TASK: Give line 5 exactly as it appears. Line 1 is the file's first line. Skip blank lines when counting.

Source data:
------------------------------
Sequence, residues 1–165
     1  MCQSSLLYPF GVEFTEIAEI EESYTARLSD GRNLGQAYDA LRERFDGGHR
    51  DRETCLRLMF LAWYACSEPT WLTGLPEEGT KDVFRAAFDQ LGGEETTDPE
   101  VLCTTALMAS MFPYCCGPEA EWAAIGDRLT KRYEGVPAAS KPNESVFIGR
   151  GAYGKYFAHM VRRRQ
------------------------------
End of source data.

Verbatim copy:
   151  GAYGKYFAHM VRRRQ